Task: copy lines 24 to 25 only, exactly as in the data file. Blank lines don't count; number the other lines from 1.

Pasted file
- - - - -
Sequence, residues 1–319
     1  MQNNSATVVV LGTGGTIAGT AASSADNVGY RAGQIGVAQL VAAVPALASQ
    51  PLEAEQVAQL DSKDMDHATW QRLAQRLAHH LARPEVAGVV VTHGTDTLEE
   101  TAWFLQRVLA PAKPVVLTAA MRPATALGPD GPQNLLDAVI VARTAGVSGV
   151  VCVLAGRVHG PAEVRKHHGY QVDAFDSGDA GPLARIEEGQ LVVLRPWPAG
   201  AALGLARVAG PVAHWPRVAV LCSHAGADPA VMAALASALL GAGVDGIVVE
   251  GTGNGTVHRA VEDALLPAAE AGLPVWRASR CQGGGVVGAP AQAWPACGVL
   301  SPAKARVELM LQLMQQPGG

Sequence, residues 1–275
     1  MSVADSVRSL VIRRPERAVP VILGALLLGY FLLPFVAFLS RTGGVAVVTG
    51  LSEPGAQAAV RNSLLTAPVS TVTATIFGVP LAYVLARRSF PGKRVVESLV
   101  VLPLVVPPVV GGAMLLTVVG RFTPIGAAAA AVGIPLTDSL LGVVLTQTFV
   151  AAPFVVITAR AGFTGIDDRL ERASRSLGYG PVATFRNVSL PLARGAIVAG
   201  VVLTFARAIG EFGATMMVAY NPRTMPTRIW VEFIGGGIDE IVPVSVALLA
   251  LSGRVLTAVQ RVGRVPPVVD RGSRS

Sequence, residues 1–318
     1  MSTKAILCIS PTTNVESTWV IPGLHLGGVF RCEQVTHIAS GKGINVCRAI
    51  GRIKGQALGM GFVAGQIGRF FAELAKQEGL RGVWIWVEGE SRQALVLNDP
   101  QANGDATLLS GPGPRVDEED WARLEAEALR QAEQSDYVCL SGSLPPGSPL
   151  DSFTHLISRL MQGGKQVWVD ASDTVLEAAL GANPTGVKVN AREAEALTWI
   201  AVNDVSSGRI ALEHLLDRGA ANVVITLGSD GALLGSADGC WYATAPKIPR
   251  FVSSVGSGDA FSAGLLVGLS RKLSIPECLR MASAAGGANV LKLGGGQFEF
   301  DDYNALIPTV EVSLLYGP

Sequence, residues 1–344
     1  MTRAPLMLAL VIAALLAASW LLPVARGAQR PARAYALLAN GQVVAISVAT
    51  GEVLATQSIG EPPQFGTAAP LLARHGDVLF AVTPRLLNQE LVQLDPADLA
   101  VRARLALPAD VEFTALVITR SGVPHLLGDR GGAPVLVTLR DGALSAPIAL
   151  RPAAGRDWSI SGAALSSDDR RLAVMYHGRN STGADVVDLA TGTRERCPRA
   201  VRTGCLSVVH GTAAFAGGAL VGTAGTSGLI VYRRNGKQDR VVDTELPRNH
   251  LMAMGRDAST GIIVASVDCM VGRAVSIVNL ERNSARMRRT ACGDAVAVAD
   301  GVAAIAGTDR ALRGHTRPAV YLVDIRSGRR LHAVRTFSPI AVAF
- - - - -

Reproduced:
Sequence, residues 1–344
     1  MTRAPLMLAL VIAALLAASW LLPVARGAQR PARAYALLAN GQVVAISVAT